The Leap is known to date from at least 1327. The Place Names of Gloucestershire indicates that Leap or ‘Lypeat’ meant leaping gate, leap, jumping place or steep declivity for deer. The LeapValley belongs to South Gloucestershire Council but has a long recorded history associated with Baugh Farm which is thought to date from 1571. The northern end of the Valley and ‘kick-about’ area would have been the part mentioned in the 1844 Land Usage Tithes as part of a pasture called Gosty Leaze. In 1924 it was a rick yard and in 1944 had 9 piggeries and sheds on it. The wetland was referred to as a Withybed suggesting that willow was grown there. There is some evidence that in the past there was a water mill with mill pond. Today, the valley is managed with the help of the Friends of Leap Valley for the benefit of wildlife and the community. A large variety of birds are recorded here each year and at least 10 species of butterfly are also recorded here annually. Mammals include the pictured Badger, Grey Squirrel, Red Fox and Pipistrelle Bat. There are about 17 different species of grass in the valley.
The Wetland is a very valuable and vulnerable habitat and is one of the main reasons why the LeapValley is protected as a nature conservation area. It is rich in invertebrates such as damselflies and dragonflies including the pictured Southern Hawker. Snipe are seen here in the winter and the shy Water Rail is also often present between November and March. The Wetland is being managed to prevent it drying out and to encourage the marsh marigolds. It also provides a very valuable food source for migrating birds in the late summer before they head off to Africa for our winter.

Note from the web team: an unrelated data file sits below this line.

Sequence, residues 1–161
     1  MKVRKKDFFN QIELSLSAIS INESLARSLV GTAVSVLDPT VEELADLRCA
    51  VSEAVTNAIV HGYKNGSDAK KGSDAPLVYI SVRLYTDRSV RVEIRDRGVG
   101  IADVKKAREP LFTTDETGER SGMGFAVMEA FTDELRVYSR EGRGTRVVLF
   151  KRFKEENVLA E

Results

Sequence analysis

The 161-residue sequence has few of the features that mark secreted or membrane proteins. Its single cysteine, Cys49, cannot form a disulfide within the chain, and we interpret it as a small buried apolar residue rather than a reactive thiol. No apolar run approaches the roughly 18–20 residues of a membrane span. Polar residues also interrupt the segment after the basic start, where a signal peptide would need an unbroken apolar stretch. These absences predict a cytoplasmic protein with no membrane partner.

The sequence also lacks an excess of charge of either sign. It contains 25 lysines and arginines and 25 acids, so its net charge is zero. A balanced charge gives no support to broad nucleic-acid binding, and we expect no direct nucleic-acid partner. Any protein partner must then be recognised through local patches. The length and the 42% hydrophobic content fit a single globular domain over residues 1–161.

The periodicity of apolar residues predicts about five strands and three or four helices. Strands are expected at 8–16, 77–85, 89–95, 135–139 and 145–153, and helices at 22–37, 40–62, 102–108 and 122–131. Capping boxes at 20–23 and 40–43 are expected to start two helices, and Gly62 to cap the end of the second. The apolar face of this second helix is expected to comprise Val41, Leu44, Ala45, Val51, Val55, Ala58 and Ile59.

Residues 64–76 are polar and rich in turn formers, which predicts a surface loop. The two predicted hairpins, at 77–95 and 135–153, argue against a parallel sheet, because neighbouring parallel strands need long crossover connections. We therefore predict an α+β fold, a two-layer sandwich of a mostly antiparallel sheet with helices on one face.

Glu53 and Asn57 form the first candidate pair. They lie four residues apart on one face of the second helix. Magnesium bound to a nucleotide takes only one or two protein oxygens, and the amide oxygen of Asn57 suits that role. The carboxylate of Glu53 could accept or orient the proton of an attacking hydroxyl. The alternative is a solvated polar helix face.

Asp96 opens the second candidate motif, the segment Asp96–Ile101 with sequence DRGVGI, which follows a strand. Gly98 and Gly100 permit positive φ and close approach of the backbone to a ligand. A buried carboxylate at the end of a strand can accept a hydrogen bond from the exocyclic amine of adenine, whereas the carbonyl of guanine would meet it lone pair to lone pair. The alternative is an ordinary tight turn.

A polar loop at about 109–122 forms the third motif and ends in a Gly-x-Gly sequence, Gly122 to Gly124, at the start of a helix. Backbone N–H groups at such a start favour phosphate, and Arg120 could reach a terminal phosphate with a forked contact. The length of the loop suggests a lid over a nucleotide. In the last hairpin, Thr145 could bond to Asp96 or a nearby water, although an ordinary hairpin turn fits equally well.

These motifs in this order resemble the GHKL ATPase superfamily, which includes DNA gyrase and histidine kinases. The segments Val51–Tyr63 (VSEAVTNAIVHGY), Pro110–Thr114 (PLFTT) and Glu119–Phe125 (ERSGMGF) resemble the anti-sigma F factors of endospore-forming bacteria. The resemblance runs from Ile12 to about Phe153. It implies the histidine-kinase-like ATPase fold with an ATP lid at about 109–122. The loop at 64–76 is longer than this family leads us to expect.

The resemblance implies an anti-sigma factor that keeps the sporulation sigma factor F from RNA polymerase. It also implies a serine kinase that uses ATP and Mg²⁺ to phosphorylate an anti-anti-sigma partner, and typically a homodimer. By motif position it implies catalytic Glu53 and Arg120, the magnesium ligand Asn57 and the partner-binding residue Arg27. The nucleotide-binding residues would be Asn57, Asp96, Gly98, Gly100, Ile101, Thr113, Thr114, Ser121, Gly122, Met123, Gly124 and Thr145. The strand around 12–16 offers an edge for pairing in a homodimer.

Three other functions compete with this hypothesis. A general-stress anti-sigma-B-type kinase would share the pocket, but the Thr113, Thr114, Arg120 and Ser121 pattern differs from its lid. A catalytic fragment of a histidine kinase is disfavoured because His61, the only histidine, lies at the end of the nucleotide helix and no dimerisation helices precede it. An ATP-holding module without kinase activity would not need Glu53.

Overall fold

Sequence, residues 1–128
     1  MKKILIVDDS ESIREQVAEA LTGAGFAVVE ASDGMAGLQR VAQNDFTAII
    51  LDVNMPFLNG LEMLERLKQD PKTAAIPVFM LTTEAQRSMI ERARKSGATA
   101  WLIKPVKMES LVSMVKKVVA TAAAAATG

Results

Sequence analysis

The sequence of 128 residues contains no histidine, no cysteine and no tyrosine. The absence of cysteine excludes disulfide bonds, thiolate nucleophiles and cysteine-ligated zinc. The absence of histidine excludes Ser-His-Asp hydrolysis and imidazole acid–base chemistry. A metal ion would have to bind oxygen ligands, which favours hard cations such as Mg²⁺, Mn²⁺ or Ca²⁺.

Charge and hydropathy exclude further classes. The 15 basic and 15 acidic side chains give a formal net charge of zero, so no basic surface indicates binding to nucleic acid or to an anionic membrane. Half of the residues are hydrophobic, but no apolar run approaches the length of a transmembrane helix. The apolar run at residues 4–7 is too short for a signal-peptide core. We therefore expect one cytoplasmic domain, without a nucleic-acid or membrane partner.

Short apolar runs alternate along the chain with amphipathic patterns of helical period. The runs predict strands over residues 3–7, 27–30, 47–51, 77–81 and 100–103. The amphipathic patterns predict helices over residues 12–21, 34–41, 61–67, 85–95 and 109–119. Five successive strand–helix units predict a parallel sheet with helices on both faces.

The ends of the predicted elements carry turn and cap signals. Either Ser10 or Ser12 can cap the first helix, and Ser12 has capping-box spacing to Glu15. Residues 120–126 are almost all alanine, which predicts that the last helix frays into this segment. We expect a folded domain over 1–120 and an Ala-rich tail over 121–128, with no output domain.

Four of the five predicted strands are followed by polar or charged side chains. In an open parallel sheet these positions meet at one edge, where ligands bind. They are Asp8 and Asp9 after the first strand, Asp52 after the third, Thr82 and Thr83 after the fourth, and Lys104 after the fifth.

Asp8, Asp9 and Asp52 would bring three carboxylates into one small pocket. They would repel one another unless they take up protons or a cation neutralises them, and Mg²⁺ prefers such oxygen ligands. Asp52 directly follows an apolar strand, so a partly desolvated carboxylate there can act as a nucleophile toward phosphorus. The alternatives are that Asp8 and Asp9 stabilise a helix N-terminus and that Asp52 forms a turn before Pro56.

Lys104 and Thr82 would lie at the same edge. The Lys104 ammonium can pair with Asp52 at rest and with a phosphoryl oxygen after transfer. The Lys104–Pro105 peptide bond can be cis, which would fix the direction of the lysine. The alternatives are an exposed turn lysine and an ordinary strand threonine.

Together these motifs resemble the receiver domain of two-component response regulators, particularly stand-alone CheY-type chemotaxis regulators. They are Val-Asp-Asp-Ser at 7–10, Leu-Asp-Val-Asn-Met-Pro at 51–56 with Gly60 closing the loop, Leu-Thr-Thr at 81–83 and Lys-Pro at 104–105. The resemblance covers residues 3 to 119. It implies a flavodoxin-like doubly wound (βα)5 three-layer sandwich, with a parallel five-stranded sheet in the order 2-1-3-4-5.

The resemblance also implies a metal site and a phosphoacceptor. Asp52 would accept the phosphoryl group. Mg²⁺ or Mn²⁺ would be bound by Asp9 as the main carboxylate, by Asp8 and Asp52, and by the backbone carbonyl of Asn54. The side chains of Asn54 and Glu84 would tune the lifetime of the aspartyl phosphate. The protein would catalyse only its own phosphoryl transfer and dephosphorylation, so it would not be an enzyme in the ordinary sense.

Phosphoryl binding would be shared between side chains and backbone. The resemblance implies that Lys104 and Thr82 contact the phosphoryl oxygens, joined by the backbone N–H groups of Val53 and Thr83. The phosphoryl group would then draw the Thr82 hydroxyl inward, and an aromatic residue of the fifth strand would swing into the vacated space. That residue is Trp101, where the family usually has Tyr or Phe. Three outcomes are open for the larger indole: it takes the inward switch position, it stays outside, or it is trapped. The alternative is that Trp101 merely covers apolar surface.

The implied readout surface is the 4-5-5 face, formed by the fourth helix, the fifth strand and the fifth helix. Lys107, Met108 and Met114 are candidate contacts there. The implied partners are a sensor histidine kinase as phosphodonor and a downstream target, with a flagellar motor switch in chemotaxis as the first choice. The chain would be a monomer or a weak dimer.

The wet meadow stays wet much of the time and supports meadow sweet with its fragrant flowers and silverweed. Meadow Sweet was a favourite plant for strewing on castle floors to keep medieval smells at bay!
The meadow above the marsh supports a good number of butterflies, including Marbled White. The hedge between the meadow and the marsh is laid on occasion to promote new growth and to allow light into the marsh. The pictured Comma can also be seen.
The stream does suffer some pollution from run-off from the roads but if you stand on the bridge you may see sticklebacks swimming below. If you are really lucky you will see the brilliant blue flash of a Kingfisher as it flies past or away from you. However, in winter you are more likely to see the pictured Grey Wagtail.
There is a considerable amount of cover in the valley provided by Blackthorn thickets, which is excellent for birds. These include the Blackcap, whose sweet song can regularly be heard in the valley from the first week of April up until at least the end of May. In addition, the pictured Chiffchaff can be heard repeating its name from the end of March.
The pond (pictured) has been here since at least 1840 and was a watering place for cattle. It needs management to stop it becoming too shaded, overgrown and silted up. An annual exercise is required to remove Floating Pennywort, which is a non-native evasive species which blocks light out from the pond. This is necessary to allow frogs to lay spawn and Mallard to feed.